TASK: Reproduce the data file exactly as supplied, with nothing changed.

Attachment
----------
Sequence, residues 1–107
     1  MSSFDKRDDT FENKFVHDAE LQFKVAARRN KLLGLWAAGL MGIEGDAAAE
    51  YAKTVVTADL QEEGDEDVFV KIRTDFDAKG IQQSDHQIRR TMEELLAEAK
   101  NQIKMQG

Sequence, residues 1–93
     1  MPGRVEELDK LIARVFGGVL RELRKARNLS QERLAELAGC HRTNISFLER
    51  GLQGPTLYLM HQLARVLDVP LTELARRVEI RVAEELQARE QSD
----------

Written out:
Sequence, residues 1–107
     1  MSSFDKRDDT FENKFVHDAE LQFKVAARRN KLLGLWAAGL MGIEGDAAAE
    51  YAKTVVTADL QEEGDEDVFV KIRTDFDAKG IQQSDHQIRR TMEELLAEAK
   101  NQIKMQG

Sequence, residues 1–93
     1  MPGRVEELDK LIARVFGGVL RELRKARNLS QERLAELAGC HRTNISFLER
    51  GLQGPTLYLM HQLARVLDVP LTELARRVEI RVAEELQARE QSD